Chapter 11 vs. Chapter 13 Bankruptcy: An Overview
There are some notable differences between Chapter 11 and Chapter 13 bankruptcy, including eligibility, cost, and the amount of time required to complete the process. Both bankruptcies give debtors the opportunity to stay in business and to restructure their finances.
Barring some limitations, both bankruptcies allow filers to modify their payment terms on secured debts, provide time to sell assets, and eliminate obligations the filer cannot pay over the plan’s term. While both allow the discharging of debts, more can be discharged under Chapter 13.
- Chapter 11 and Chapter 13 bankruptcies allow for the discharging of debts but have different costs, eligibility, and time to completion.
- Chapter 11 can be done by almost any individual or business, with no specific debt-level limits, nor required income.
- Chapter 13 is reserved for individuals with stable incomes, while also having specific debt limits.
- Chapter 13 includes a trustee appointment that will handle distributing all income to creditors over a three- to five-year time period.
Nearly everyone can file for Chapter 11 bankruptcy, including individuals, businesses, partnerships, joint ventures, and limited liability companies (LLCs). There is no specified debt-level limit, nor required income. However, Chapter 11 is the most complex form of bankruptcy and generally the most expensive. Thus, it’s most often used by businesses and not individuals, where companies can use Chapter 11 bankruptcy to restructure their debts and continue operating.
Filing Chapter 11 bankruptcy allows businesses to stay open and continue operating while reworking their financial obligations. Filers are able to put forth a reorganization plan, which can include downsizing and expense reduction plans. Many large businesses have filed Chapter 11 bankruptcy and came out of bankruptcy later to continue operating, including General Motors and Chrysler, which both filed for bankruptcy in 2009.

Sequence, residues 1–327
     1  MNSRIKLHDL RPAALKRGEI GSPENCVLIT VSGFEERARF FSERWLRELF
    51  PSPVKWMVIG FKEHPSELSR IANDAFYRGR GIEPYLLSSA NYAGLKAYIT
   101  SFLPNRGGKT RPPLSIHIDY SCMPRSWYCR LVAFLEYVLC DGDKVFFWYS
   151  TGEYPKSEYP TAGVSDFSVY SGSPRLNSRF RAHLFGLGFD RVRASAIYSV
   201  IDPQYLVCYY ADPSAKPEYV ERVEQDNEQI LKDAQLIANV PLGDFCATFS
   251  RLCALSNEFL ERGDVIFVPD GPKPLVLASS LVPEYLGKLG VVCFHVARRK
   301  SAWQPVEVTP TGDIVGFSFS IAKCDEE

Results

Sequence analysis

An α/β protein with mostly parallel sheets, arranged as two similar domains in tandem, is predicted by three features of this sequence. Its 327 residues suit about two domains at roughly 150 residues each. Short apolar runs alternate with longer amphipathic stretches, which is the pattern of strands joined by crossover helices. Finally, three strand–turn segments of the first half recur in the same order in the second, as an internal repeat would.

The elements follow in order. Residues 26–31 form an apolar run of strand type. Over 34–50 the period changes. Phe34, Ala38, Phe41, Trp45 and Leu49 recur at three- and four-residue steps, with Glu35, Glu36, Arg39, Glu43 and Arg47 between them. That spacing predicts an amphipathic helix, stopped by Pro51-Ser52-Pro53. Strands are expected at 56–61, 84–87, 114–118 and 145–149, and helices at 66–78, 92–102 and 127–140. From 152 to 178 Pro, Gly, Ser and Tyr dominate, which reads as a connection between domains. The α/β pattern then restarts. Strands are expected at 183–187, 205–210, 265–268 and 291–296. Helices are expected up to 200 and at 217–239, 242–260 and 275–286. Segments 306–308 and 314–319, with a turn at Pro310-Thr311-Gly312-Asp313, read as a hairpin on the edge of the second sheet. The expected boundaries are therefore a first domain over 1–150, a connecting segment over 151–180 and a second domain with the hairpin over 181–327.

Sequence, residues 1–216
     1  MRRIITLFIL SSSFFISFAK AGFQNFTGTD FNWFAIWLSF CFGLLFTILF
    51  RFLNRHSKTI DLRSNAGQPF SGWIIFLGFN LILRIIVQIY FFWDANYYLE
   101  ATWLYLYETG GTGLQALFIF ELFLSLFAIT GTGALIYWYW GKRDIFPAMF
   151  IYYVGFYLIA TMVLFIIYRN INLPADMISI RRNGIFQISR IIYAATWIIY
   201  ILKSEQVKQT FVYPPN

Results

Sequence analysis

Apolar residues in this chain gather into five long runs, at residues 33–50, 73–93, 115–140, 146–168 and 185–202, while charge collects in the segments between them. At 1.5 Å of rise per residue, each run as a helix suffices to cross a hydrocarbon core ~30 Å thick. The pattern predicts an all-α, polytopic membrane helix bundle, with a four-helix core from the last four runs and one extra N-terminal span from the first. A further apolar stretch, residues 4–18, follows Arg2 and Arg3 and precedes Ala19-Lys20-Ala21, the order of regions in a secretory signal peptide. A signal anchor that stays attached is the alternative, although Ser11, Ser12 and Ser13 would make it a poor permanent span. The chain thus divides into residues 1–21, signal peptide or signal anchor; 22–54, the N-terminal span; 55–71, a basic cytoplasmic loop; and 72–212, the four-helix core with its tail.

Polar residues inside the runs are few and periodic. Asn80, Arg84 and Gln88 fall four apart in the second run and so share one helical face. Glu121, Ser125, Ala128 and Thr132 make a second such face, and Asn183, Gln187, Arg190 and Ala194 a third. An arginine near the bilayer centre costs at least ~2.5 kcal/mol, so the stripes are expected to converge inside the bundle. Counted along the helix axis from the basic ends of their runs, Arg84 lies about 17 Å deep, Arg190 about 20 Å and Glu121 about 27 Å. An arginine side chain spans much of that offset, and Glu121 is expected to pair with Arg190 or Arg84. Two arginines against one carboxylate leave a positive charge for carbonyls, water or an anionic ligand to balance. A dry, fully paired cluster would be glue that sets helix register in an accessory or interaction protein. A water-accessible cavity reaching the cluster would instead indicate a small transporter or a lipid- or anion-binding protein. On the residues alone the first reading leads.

Chapter 13 bankruptcy can only be filed by individuals with a stable income. Debt limitations are also part of Chapter 13 eligibility, and the limits change regularly. As of 2019, limits are approximately $419,275 in unsecured debt and $1,257,850 in secured debt. Chapter 13 differs from Chapter 7, where individuals can use Chapter 7 to wipe out all their debt entirely. Chapter 7 does have income limits that vary by state.
For Chapter 13, individuals must submit and implement a repayment plan for debts to be paid within three to five years. The filer can generally keep some assets, such as a home. It’s also called a “wage earner’s plan,” where individuals pay a monthly amount to a trustee, who in turn pays the individual’s creditors. The payback to creditors is usually required to be equivalent or better than what they’d receive under other bankruptcy proceedings.
Chapter 13 involves the appointment of a trustee, while with Chapter 11, this is optional and not usually done. The trustee’s role includes reviewing the bankruptcy proposal, making recommendations to the court, and the collection and distribution of creditor payments.
Chapter 11 bankruptcy often has complex and expensive proceedings. There are provisions, however, that help to streamline cases involving small business owners. If a debtor meets all the requirements, there's no limit to a Chapter 11 plan’s duration, though typical plans are structured for three to five years. The court can extend the time frame of the plan for debtors who need more time to make the required payments.
The approval process for a Chapter 13 bankruptcy is generally much more expedient. There's a set commitment period, however, of three to five years, during which a debtor must relinquish essentially all disposable income to the appointed trustee for distribution among creditors. The commitment period can be shortened, but never extended.